The BrailleSense Polaris — A First-Look Review from the National Federation of the Blind Access Technology Team
We received the box, and the battle was on. With three team members, and several other curious folks in the building who are avid Braille users, there was a minor scuffle as the team negotiated for time with the latest bright shiny object.
Refreshable Braille displays are undergoing a renaissance. New devices with many different form factors, price points, and features are either on the market, or on their way.
"Attending the convention has changed me in many ways. For the first time in my life, I did not feel self-conscious or different. For the first time in my life, I feel like I am part of a big family that really cares." - Ayoub Zurikat, 2017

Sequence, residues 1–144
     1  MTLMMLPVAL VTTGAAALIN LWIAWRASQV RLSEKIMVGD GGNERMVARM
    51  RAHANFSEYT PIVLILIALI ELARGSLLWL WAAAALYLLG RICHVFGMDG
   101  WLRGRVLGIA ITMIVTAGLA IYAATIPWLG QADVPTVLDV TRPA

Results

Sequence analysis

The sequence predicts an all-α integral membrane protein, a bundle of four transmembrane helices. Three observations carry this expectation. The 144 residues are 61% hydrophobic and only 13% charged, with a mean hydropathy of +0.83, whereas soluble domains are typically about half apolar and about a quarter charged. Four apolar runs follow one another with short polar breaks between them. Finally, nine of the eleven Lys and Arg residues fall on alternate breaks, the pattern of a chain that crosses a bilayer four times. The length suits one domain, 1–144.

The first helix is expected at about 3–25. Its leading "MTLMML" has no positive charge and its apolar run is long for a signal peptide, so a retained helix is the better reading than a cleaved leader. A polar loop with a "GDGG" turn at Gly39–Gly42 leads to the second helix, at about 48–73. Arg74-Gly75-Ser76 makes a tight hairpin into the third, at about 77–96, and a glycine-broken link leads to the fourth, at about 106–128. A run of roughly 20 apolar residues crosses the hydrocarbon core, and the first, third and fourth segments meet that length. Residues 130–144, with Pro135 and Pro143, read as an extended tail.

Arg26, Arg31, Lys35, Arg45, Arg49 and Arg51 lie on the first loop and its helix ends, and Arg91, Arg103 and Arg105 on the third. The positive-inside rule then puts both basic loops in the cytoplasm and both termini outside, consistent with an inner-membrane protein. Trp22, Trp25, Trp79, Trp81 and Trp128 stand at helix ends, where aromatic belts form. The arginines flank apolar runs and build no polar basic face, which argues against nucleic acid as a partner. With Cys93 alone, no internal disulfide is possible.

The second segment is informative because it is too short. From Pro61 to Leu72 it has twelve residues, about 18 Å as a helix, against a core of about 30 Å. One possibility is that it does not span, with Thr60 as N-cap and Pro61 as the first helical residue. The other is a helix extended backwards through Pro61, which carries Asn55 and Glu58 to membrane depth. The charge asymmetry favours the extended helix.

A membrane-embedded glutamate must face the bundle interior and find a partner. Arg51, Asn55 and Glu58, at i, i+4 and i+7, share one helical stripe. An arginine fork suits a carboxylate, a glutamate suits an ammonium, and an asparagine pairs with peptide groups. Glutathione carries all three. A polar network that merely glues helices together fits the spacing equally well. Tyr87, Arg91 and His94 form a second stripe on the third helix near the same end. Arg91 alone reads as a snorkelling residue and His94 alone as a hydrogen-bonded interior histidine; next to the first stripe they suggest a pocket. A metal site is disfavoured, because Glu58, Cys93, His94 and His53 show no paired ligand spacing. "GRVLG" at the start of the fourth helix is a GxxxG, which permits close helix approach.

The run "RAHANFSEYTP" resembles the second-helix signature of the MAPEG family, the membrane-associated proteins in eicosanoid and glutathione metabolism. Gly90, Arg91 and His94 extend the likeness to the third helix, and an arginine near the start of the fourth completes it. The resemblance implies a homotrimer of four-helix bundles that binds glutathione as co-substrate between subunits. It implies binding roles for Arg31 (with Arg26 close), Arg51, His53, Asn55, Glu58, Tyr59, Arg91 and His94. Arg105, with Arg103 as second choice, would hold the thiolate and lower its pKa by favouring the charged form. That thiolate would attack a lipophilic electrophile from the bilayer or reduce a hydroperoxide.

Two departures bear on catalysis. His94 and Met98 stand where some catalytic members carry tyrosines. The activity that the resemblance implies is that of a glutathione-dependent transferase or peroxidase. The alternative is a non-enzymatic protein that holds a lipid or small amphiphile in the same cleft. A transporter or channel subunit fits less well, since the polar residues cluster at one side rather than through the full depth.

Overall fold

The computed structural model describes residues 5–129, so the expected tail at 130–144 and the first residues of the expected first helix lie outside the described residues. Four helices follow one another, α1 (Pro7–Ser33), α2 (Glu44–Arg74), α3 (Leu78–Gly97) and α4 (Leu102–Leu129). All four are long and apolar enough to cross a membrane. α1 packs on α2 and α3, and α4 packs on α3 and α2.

While some scientists at Harvard are working to turn light into sound by way of an Arduino, you don’t have to get so high-tech to experience the solar eclipse that will occur on August 21.
I am from a family of eight. I have four brothers and three sisters, and I am next to the youngest. From an early age I knew that I wanted to have a wife and children.
With the unemployment rate for the blind hovering around 70 percent, the National Federation of the Blind Employment Committee is dedicated to providing resources and information to help the blind become gainfully employed.
One frequent topic of discussion in the National Federation of the Blind is why we joined, when we joined, and those things that pushed us towards and away from the organization.
I hear, “Wow, you’re amazing! I can’t imagine taking care of one child—let alone three—if I couldn’t see!” To which I say with a smile, “No. I’m just a mom.”
I was born in Nicaragua. At ten years old, I was forced to leave my country to escape death threats because of my father’s reputation in the military.
I have been blind since the day I was born. When people first meet me, they often wonder if I would want a “cure” for my blindness. So, would my life be improved if I could see?